daughter of Mohan has handed over three audio cassettes to the Investigating Officer Mr.Aagashe but in the cross examination she denied the said fact. She admitted that she never handed over any audio cassettes to the police. So, there is no other evidence on record to show that police had made an attempt to record the conversation between the informant and the appellants. Therefore, voice identification of Appellant No.6 is not helpful to the prosecution to prove the conspiracy in the matter. It is the case of the prosecution that some papers of transcription were given to appellant No.1 and Appellant No.6 for the purpose of recording their voice sample but the same transcriptions are not produced before the Court. Similarly, the transcriptions of recorded conversation are also not produced on record. It is not proved that the conversation recorded in the audio cassettes. Therefore, report at Exh.270 in respect of matching voice samples of appellants and Appellant No.6 given by CFSL, Chandigarh is of no use.
40. On going through the above evidence, it can be said that the appellants had conspired with each other to kidnap Mohan and Bhimrao for ransom. The appellants wrongly confined the victims Mohan and Bhimrao from 15th to 17th November 2005 till they were rescued by the police authority. The prosecution has proved the guilt of the appellants for the offence punishable under sections 364-A and 342 read with section 120-B of the IPC. The prosecution has not led any evidence to prove the offence punishable under section 37(1) read with section 135 of the Bombay Police Act. It is established that appellants were found in possession of country made pistols along with live cartridges. The said fact is proved in the evidence of Panch Witness. The prosecution has also relied upon Ballistic Report at Exh.281 which shows that the weapons were capable of effecting firing from it. The appellants also did not produce any valid licence for possessing arms found in their possession. Hence, offence under section 3(25) of the Arms Act is proved against the appellants. Thus, it can be said that the prosecution has proved the offence punishable under sections 364-A, 342 read with sections 120(B), 114 of IPC and under section 3(25) of the Arms Act against appellants only. There is no evidence against original accused nos. 3 to 7.
41. As far as offence under MCOC Act is concerned, the prosecution has vehemently submitted that the Trial Court has not appreciated the evidence in proper prospective. Admittedly, the prosecution has failed to prove criminal antecedents of the appellants. It is necessary to go through the definition of organized crime which is defined under section 2(1)(e) of the Act which reads thus:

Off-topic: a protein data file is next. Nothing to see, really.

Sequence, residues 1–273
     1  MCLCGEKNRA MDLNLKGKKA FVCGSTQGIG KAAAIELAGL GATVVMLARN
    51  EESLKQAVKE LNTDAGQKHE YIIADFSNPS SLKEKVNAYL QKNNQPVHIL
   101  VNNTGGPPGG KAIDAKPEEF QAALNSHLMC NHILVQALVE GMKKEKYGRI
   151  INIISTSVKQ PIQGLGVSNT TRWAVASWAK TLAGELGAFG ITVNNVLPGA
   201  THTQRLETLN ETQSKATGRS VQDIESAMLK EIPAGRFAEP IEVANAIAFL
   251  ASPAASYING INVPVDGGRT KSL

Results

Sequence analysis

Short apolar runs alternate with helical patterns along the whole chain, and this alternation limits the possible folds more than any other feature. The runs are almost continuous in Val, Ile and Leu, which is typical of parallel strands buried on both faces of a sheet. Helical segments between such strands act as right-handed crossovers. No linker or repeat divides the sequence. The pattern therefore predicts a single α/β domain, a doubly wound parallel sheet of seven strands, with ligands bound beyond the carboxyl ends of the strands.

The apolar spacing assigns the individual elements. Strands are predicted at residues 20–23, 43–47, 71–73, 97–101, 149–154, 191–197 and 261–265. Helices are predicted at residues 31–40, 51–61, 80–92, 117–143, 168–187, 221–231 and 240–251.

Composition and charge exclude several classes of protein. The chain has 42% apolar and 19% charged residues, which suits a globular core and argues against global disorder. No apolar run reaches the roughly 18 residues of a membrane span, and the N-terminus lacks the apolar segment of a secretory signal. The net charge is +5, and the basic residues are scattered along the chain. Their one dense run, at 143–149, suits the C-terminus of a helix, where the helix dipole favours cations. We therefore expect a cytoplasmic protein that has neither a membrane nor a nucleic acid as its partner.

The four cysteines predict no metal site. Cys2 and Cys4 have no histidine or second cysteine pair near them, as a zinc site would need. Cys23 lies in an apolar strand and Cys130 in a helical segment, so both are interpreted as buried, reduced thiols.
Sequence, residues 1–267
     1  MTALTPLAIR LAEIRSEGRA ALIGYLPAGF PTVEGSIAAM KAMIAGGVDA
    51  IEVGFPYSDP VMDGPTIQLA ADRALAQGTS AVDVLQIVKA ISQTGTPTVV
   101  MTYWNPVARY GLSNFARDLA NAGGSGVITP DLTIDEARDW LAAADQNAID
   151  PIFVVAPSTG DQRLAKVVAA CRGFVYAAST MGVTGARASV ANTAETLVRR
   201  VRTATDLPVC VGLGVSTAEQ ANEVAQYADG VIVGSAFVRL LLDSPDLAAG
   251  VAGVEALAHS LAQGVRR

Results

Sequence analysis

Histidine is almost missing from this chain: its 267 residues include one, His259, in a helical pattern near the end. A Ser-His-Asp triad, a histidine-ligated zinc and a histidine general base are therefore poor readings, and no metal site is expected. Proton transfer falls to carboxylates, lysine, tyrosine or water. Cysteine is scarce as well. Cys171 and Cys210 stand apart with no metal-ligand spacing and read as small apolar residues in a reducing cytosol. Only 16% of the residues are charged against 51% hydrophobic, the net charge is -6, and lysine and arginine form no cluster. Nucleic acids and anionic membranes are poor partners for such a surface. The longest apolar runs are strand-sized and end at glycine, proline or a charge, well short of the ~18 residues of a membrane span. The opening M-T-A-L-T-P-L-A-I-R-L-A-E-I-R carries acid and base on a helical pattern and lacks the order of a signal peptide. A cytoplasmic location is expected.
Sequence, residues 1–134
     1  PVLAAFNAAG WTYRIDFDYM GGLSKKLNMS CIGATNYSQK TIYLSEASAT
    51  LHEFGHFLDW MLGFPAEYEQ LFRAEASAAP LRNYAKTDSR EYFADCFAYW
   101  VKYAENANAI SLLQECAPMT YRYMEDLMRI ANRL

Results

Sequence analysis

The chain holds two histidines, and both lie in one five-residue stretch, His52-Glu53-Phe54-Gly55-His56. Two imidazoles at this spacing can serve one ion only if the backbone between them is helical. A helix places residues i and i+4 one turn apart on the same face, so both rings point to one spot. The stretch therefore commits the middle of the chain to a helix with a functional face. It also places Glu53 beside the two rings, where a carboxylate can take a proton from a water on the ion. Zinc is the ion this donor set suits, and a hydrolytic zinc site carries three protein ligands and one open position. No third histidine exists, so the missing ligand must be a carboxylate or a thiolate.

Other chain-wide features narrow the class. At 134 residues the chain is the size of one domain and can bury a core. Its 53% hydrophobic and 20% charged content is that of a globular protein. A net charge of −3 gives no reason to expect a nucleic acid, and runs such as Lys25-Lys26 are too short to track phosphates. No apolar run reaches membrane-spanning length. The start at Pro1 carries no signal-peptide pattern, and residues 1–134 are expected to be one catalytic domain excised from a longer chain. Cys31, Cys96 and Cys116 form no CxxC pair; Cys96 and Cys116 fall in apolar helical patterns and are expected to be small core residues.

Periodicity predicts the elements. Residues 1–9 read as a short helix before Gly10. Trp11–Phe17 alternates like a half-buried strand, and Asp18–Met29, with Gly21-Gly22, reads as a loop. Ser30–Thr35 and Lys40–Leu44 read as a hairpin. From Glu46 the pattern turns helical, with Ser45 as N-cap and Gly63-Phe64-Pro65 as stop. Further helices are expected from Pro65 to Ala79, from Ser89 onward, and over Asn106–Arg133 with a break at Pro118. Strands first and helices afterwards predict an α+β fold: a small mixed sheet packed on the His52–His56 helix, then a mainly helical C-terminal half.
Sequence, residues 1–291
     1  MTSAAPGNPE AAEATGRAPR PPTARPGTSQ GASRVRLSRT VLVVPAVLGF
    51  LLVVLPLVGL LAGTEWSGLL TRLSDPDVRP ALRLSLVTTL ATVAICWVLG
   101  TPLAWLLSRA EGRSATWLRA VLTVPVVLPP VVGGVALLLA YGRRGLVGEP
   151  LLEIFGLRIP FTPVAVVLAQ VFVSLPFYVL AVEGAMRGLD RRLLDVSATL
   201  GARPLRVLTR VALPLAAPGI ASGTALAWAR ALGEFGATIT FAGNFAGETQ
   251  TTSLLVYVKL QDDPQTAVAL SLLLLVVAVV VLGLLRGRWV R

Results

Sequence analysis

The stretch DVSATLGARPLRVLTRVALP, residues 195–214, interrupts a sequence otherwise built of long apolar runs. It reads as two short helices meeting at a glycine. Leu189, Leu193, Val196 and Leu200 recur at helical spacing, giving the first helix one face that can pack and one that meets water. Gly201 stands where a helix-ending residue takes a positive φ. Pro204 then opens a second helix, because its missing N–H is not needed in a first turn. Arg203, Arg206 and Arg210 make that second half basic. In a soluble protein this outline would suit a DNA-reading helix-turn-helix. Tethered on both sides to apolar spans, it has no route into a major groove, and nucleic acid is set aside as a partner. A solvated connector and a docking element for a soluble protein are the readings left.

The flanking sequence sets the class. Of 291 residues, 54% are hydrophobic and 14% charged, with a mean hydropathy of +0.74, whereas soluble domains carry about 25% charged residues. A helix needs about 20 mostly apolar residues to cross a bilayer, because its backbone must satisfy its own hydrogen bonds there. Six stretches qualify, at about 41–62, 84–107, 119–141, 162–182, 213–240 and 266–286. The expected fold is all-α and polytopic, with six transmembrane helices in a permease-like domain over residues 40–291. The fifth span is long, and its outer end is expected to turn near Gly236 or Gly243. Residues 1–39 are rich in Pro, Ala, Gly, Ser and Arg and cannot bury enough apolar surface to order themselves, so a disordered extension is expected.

“Organized crime” means any continuing unlawful activity by an individual, singly or jointly, either as a member of an organized crime syndicate or on behalf of such syndicate, by use of violence or threat of violence or intimidation or coercion, or other unlawful means, with the objective of gaining pecuniary benefits,or gaining undue economic or other advantage for himself or any other person or promoting insurgency.”
42. The crux of the organized crime is continued unlawful activity by an individual either singly or jointly either with member of gang or on behalf of such syndicate involved is also defined in section 2(1) (d) which reads as under :
“Continuing unlawful activity” means an activity prohibited by law for the time being in force, which is a cognizable offence punishable with imprisonment of three years or more, undertaken either singly or jointly, as a member of an organized crime syndicate or on behalf of such syndicate in respect of which more than one charge-sheets have been filed before a competent Court within the preceding period of ten years and that Court has taken cognizance of such offence.”
43. Necessary ingredient involved is that more than one charge sheet have not been filed before the competent Court in respect of offence punishable with imprisonment of three years or more either singly or jointly as member of syndicate. Accused Nos.3 to 7 are acquitted of the charge under sections 364-A, 120(B) of IPC. It is also not proved on record that Accused Nos.3 to 7 were facing more than one charge sheet prior to the offence in question. It is not proved on record that Court had taken cognizance of any offence against the appellants having punishment for more than three years. Therefore, there is nothing to connect the appellants with their previous criminal activities. Thus, act of continuing unlawful activity by the appellants is missing. There was no commission of organized crime under section 2(1)(d) by the appellants. There is no evidence on record to establish that the appellants had committed offence punishable under sections 3(1)(ii), 3(2) and 3(4) of the MCOC Act.
44. The Trial Court has rightly appreciated the evidence on record. Therefore, there is no reason to interfere with the findings of the Trial Court as far as offence under the MCOC Act is concerned. As far as other offences are concerned, the prosecution has established that the appellants had committed offence under sections 364-A and 342 read with section 120-B of IPC and under section 3(25) of the Arms Act. Therefore, both the appeals have no merit and the same deserve to be dismissed.
45. Hence, we pass following order:
(I) Criminal Appeal No.171 of 2012 preferred by the appellants is hereby dismissed.
(II) Criminal Appeal No.496 of 2014 preferred by the State is hereby dismissed.
[M.S.KARNIK, J.] [RANJIT MORE, J.]
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Judges
  • M S Karnik
  • Ranjit More